Most commercial transactions involve two or more parties with different objectives, some of which may try to take advantage of others. For most “real-world” applications, many possible dishonest strategies are evident, and the transactions are designed with these in mind. Imagine, for example, a teller machine where you swipe your ATM card, enter the amount to withdraw, and then take the corresponding amount of money from a stack of bills. Imagine further anonymous credentials in the shape of drivers licenses that do not divulge any identifying information, but where the right to drive a vehicle would be associated with the ownership of such a license. It is clear that while both of these “implementations” work well in an environment where nobody cheats, it would also be highly questionable to employ them in an imperfect society.
Cryptographic protocol design strives to identify and protect against abusive strategies in applications where standard ``real-world'' defenses fail.
To properly defend against attacks, we must first practice ourselves to become aware of the nature of potential threats. These may be unauthorized access to resources or rights, as in the examples involving teller machines and drivers licenses. Examples of other types of unauthorized access are piracy (namely dishonest access to a service or product); unauthorized sharing of information; unauthorized attempts at forging or modifying contracts, and similar. Another type of threat is the violation of other users' privacy, whether this relates to their actions, location, memberships and associations, and more. Yet another type threat is inappropriate use of system features -- such as the use of encryption by drug dealers and the use of steganographically hidden communication by terrorists. (In these examples, the user may simply use available applications in a way that technically corresponds to their intended use, but for purposes that are not endorsed by society.)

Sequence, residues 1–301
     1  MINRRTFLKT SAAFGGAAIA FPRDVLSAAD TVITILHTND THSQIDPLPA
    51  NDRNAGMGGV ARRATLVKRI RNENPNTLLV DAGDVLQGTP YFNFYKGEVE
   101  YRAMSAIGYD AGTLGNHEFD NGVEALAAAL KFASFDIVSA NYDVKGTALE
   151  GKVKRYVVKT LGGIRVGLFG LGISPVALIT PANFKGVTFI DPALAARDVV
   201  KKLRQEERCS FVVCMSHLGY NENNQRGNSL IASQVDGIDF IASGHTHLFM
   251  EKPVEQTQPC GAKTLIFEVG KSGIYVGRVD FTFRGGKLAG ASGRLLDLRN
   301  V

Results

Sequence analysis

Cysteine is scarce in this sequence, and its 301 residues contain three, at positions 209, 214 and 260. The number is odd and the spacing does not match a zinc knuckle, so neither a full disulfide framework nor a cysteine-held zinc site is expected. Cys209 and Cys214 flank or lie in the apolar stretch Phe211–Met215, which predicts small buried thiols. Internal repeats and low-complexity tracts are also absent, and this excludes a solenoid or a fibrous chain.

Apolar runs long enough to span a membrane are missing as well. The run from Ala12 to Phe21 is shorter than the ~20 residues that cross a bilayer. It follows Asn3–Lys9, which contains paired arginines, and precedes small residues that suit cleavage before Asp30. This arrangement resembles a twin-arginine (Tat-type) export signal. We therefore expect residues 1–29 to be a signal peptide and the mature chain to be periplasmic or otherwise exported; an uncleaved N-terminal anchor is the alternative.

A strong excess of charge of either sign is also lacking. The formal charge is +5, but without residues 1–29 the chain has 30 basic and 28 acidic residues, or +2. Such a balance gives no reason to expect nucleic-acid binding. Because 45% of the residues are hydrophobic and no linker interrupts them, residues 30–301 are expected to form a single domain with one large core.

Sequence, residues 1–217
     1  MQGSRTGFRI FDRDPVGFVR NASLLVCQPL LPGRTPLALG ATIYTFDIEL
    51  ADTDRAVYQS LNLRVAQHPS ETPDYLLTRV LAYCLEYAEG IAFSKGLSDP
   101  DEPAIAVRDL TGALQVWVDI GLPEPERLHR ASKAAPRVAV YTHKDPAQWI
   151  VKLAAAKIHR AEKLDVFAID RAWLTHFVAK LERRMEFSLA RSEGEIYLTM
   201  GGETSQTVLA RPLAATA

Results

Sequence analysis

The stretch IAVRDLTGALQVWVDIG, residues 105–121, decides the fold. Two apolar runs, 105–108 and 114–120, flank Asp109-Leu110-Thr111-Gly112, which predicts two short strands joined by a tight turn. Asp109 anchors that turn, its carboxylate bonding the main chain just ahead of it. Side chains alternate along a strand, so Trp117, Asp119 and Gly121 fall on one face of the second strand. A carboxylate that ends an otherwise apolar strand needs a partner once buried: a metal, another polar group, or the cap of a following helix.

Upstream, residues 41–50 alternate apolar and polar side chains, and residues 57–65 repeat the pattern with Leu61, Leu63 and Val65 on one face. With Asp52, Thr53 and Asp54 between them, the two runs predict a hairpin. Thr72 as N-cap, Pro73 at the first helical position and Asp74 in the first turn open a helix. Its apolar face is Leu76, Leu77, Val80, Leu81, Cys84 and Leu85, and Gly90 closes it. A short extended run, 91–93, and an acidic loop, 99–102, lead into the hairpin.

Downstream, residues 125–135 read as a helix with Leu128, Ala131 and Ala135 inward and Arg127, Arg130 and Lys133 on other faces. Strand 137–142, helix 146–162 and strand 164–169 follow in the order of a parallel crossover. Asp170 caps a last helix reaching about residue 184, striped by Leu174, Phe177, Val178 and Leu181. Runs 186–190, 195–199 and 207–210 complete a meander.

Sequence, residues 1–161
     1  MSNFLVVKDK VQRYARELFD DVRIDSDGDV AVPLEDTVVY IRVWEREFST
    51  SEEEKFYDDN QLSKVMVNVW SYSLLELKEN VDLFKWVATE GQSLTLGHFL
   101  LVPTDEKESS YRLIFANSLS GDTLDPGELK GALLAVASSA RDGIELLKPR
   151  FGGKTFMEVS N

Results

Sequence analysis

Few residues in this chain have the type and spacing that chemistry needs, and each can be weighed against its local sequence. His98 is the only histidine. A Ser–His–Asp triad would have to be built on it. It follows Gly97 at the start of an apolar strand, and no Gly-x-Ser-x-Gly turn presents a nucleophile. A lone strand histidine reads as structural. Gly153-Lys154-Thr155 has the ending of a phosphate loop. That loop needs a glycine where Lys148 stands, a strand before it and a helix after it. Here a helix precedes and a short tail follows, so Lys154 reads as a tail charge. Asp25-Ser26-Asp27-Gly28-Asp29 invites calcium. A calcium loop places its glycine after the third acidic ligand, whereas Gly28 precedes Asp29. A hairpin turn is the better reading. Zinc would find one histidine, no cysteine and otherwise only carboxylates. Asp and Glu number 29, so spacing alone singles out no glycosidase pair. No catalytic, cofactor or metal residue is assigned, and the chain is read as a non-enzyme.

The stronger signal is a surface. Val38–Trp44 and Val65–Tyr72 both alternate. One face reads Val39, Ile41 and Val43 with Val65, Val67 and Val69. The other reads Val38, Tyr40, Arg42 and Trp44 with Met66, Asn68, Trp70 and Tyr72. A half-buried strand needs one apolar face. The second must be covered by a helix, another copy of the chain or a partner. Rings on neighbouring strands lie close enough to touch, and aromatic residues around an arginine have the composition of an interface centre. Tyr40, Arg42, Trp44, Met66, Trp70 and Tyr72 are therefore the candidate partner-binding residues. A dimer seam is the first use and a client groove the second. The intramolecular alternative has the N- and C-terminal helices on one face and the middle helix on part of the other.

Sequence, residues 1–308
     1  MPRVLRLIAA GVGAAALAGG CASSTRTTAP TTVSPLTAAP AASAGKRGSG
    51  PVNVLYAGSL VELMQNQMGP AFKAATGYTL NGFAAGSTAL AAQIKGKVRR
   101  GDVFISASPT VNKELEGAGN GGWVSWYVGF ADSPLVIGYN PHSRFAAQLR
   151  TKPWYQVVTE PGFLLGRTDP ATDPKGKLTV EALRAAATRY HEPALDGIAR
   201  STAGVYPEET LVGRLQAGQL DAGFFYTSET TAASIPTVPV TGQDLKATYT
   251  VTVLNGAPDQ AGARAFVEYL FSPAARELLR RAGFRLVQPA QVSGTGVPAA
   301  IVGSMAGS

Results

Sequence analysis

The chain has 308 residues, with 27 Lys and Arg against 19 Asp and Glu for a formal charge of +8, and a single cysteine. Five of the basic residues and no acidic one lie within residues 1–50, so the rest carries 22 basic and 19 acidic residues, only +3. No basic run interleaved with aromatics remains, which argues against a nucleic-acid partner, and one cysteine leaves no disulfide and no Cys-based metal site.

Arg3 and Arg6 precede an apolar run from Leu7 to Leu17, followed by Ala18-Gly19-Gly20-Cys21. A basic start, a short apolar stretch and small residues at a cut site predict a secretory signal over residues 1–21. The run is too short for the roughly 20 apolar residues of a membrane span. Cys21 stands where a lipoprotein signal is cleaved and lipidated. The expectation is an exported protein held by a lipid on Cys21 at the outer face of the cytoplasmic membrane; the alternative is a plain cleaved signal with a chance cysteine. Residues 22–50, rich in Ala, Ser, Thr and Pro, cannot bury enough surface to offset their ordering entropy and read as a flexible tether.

Thus, the design of a system requires not only an understanding of its wanted behavior (e.g., to allow people to withdraw money resp. give evidence that they belong to a certain group of people, such as “people who may drive a car”.) It is also crucial to understand the unwanted types of behavior, whether these constitute attacks on the system itself, or simply stray from the intended use. Moreover, it is important to understand the available tools and how these can be employed to reach a set of goals. This course will address these issues by the discussion of various applications, abuses, and cryptographic techniques.
The course will have one technical component, and one component relating to understanding and removing protocol flaws. To understand the nature of the second component, consider the following non-technical example: Most realtors do not request identification from apartment owners picking up or replacing keys of apartments they are listing. How could this be abused?
Powerpoint slides corresponding to the lectures will be made available on my corporate homepage as soon as the course starts. A preliminary schedule is already available.